• Ability to drive a vehicle: Caregivers often accompany elderly adults to their doctor appointments, social outings, and even grocery runs. Many organizations seek caregivers that not only drive but have safe and clean driving records. 
  • Ability to manage basic medication and care schedules: Home health aides often need to help clients remember when to take medication, so they must be capable of staying organized and remembering important dates/times. 

Home health aides with these skills are better equipped to provide quality care to their patients. 

Home care organizations will list some preliminary home health care worker qualifications in most job applications, but the best caregiver organizations provide their own home aid training to set new caregivers up for success.  

 

Does My State Require Education For Home Health Aides? 

While there’s no federal mandate for education requirements for home health aide roles, many states have their own regulations. 

However, most in-home care companies do require that you:

  • Are 18 years of age or older
  • Have a high school diploma or GED
  • Hold a valid driver’s license and have a usable vehicle
  • Pass a background check

Additionally, you might need to complete a caregiver training program to become a home health aide. Be sure to do your research on how to get a job as a home health aide in your area. 

Higher-level medical caregiving roles may require more formal certified home health aide training, but most home health aides only require a willingness to learn and the hard and soft skills we covered to meet their patients’ needs.

 

Learn How To Become A Home Health Aide with Commonwise 

Home health aides are a critical link between patients, their families, and the healthcare system. They provide essential hands-on care and companionship to aging adults, which can improve the quality and even the length of their life. 

Most in-home caregivers possess both soft skills and hard skills that allow them to provide quality care to aging loved ones. If you want to start a career in caregiving but need some training, you can look up programs in your area or check with local agencies to see if they offer on-site training.

If you’ve been thinking about how to become a home health aide, now is the time to take the next step with Commonwise Home Care. Commonwise Home Care offers a unique opportunity to learn essential skills through our Caregiver University training program. In our program, you’ll gain the knowledge and experience you need to start a rewarding journey as a home health aide. We also offer industry-leading wages, great professional growth opportunities, and ongoing training and support.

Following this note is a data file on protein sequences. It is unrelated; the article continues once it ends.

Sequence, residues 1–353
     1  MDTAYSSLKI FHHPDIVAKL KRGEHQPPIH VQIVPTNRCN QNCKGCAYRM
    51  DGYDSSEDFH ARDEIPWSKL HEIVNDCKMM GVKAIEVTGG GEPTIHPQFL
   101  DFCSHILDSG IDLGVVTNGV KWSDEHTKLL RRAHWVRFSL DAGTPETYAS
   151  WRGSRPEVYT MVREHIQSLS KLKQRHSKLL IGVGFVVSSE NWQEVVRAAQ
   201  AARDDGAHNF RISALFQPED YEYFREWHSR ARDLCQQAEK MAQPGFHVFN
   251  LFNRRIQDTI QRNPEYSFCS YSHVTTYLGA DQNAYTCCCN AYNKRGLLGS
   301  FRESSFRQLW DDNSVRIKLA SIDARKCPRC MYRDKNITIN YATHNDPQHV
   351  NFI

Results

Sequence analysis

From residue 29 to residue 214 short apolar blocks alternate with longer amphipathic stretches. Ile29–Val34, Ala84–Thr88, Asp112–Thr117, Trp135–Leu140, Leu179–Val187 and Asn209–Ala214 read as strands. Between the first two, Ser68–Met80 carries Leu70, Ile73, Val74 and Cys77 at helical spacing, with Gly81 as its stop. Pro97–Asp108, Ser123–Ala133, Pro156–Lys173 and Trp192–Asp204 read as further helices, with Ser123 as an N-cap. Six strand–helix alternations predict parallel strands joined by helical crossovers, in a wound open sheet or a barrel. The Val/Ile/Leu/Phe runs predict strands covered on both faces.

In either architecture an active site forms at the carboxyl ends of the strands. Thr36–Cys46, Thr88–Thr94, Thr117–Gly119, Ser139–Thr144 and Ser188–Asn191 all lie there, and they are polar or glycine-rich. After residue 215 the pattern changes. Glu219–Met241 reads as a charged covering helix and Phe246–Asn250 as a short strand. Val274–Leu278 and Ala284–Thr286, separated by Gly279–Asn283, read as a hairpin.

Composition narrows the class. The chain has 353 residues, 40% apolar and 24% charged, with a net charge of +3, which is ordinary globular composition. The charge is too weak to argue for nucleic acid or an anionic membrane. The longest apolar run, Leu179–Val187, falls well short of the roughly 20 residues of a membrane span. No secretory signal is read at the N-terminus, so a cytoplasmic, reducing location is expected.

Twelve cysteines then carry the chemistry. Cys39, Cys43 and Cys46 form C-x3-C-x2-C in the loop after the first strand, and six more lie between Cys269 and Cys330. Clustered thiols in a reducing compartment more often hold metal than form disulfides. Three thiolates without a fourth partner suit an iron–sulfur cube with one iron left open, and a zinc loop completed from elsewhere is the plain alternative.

Ready to start a new career as a home health aide? 

With locations in the Charlottesville, Richmond, Williamsburg, VA and Charleston, SC areas, a fulfilling career awaits. Apply for a Commonwise caregiver position today!

We’re hiring caregivers in Charlottesville, Richmond, Williamsburg, VA and Charleston, SC.

Apply Now

What Are the Advantages of End-of-Life Care At Home?

Written by:

Jeffrey Grossman

Published:

March 14th, 2022


When a loved one gets diagnosed with a terminal illness, you might have to make decisions about their end-of-life care. Maybe you’re wondering if you have to send your loved one to live their final days in a nursing home. Or maybe you’re asking yourself, “Can I find the right in-home palliative care near me?” 

Thinking about end-of-life care can be an emotional and daunting task. But with the right information, you can find an end-of-life at-home care solution that provides your loved one with the care they need. 

Today, we’re here to help you navigate this complicated and emotional time by answering common questions like:

  • Can you get hospice care at home?
  • Can you get palliative care at home?
  • What are the benefits of 24-hour in-home palliative care?
  • What’s the difference between hospice care and palliative home care services?
  • What’s more affordable: end-of-life care at home or facility-based care?
  • How easily can you get palliative care at home

If you’re considering in-home palliative or hospice care, there are lots of factors to keep in mind. Let’s start by talking about the benefits of palliative care at home. 

 

What Are The Benefits Of Palliative Care in the Home Setting